I have a heard my share of perfect notes from singers in my life. Try American (world famous) tenor Jan Peerce at the end of “Hymn to the Nations” with Toscanini conducting (YouTube). Pavarotti sang many. Eileen Farrell sang a bunch. Also Leonard Warren. Also Galli-Curci. Many others from time to time. I have heard some whole phrases of music sung perfectly. No whole songs or arias sung perfectly, however, from beginning to end. Bottom line is that, as I tell my students, All have “sinned” and fallen short of the glory of God, vocally speaking.” No one is perfect, including me. :*)

Nevertheless, we all keep trying to perfect our singing. I am not always sure we go at it in the right way.
Think about it for a moment. What would we sound like if our voices were perfect?  If we are honest, we have to admit we don’t know. We can describe the qualities and skills we would like to have but can we
actually hear that perfect sound of our own voices in our minds?  Unequivocally, no. Despite this, we often focus our vocal technique on getting the RIGHT sound. How can we possibly direct our voices toward that right sound of which we know little or nothing?  Just to restate, we may well know how beautiful, well-produced voices should sound but that does not mean we know how OUR voices should sound. If I am correct, then you might wonder if it is impossible to change and grow our voices for the better. Fortunately, I think it is not.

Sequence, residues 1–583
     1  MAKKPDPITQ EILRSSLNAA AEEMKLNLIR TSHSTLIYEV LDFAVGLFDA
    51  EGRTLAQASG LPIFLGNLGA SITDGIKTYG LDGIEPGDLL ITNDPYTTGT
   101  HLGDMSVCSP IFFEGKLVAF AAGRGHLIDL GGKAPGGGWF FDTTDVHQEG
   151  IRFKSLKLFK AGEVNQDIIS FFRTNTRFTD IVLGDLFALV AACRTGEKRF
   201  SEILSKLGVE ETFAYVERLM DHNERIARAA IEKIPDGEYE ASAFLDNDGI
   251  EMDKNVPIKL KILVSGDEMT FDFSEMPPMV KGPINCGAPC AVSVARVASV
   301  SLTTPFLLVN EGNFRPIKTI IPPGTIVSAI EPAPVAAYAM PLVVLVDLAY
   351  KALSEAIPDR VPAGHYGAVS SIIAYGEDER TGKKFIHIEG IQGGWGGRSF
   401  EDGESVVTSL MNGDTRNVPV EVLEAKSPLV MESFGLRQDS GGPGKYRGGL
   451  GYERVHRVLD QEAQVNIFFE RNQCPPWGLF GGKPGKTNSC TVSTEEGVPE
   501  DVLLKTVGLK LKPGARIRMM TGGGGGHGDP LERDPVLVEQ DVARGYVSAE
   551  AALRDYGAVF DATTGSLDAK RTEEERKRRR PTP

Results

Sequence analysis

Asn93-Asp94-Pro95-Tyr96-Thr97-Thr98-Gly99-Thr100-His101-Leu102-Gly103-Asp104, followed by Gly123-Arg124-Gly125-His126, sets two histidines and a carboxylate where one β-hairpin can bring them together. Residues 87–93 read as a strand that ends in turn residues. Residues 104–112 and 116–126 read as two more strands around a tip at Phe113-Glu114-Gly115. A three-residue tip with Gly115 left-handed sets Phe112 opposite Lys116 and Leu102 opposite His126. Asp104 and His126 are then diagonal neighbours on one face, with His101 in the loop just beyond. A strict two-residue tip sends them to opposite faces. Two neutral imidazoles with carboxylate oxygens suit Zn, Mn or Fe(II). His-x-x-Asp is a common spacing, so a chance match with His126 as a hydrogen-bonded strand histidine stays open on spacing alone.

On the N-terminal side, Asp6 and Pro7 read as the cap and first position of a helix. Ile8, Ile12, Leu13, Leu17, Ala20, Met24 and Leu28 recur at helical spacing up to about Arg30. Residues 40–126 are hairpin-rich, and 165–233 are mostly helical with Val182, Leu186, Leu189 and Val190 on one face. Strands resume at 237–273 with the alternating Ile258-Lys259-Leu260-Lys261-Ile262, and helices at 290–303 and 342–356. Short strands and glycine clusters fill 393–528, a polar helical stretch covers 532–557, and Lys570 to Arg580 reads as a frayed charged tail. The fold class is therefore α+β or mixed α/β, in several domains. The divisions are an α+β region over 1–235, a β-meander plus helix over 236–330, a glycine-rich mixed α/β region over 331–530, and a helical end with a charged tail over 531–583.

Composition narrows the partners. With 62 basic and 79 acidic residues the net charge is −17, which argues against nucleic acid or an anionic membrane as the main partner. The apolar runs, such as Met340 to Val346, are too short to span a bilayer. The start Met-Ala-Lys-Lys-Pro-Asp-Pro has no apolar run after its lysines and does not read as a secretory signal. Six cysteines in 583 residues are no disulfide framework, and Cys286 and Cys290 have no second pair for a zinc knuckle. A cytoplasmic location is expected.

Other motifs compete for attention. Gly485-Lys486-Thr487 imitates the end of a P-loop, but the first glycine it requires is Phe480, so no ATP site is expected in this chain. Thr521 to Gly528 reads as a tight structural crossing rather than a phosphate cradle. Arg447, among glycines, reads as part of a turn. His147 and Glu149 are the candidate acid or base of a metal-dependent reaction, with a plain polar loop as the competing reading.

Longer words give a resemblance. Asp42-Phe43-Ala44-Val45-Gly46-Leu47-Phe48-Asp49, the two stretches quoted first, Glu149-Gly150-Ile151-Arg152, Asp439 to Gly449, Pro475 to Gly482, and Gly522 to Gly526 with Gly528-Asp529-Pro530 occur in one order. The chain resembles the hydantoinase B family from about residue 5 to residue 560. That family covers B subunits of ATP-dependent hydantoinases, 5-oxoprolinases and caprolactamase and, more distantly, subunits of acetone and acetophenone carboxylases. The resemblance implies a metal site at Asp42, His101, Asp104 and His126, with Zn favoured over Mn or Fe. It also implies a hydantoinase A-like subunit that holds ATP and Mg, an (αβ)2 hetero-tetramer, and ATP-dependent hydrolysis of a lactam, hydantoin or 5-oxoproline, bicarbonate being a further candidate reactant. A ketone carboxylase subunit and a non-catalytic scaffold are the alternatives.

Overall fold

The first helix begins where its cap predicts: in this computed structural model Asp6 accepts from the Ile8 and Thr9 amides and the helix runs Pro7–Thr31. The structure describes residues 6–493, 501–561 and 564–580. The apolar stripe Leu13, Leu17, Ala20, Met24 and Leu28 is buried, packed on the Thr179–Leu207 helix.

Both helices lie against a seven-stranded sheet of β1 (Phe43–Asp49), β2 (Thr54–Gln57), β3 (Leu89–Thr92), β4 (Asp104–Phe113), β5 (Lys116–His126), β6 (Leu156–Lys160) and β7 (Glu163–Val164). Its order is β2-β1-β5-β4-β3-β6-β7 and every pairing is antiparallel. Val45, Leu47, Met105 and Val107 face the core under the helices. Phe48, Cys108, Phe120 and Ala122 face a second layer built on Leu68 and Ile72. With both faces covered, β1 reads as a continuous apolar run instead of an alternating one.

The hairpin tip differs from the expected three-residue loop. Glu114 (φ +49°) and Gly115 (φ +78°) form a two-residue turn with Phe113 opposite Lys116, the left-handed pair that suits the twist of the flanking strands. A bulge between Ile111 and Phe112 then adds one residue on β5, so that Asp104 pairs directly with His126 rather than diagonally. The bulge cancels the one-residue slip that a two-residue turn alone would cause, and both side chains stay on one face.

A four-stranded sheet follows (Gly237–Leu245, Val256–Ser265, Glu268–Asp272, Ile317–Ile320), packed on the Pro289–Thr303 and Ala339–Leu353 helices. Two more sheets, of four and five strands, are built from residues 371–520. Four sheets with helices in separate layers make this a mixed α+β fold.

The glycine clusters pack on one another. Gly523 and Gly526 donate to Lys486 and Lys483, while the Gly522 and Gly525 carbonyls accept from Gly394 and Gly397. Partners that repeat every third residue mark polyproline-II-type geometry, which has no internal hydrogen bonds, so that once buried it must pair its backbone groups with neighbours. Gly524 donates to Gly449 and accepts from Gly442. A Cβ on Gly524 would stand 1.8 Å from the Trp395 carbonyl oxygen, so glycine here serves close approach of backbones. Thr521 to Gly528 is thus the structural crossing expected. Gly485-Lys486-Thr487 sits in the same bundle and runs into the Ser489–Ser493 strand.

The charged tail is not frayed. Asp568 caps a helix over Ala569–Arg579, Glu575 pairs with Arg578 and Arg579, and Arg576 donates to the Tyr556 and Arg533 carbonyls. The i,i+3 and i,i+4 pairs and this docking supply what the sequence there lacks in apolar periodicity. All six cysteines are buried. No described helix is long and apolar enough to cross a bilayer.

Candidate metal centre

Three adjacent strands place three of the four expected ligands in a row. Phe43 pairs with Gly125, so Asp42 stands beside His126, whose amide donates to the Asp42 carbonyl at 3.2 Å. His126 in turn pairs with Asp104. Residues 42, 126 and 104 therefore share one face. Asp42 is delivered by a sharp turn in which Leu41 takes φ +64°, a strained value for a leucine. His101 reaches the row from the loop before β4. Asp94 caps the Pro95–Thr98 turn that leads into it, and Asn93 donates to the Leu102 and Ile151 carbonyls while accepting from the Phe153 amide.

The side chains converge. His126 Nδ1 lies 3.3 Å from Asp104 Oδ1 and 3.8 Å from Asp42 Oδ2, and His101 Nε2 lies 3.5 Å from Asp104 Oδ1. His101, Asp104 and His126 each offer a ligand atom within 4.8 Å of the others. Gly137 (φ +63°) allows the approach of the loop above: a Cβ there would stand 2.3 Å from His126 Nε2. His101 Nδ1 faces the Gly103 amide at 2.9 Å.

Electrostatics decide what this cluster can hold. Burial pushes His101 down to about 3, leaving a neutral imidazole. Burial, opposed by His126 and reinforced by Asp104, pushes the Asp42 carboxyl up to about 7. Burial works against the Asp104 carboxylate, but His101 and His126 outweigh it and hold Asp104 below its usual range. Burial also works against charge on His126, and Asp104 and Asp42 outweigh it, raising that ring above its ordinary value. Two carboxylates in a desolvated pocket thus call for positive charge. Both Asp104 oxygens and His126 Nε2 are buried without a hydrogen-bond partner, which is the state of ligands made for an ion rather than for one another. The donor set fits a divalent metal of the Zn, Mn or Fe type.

The reason it is possible to improve is that the vocal mechanism has an organization – an anatomy and a physiology – that we can work with to improve vocal function.  And, since things that work correctly meet our needs well, if the voice works correctly it will meet our needs, i.e., be beautiful and free in action. I believe that the master teachers of past centuries despite limited knowledge of anatomy figured out how to work with the physiology of the vocal mechanism and were focused on function rather than sound, per se. This is why they discussed registers, types of sound (falsetto, chest, head voice), and how to coordinate these things. Although they heard and described the nature of these individual sounds and the nature of the beautifully coordinated voice, their approach was not to demand the finished product but to manipulate the disparate sounds to make the voice function properly and through that work produce the perfect sound.  My late teacher, Cornelius Reid, used to say that not all attractive sounds are healthy and not all healthy sounds are attractive. I think this is a vital statement in understanding the approach of the bel canto masters. I define bel canto as Reid did, as a functional approach to changing the voice. Through this functional approach, we can take the
not-particularly-attractive sound of the individual registers and coordinate them into a mind blowing, knee weakening, gorgeous and free voice.  The single word that the Italian masters used to describe the perfect sound was chiaroscuro.  Chiaro, clear or bright, signifies the chest voice part of the coordination.
Oscuro, muted or dark, signifies the falsetto part of the coordination. So these two parts of the voice should combine together into the perfect sound. That is bel canto, beautiful song.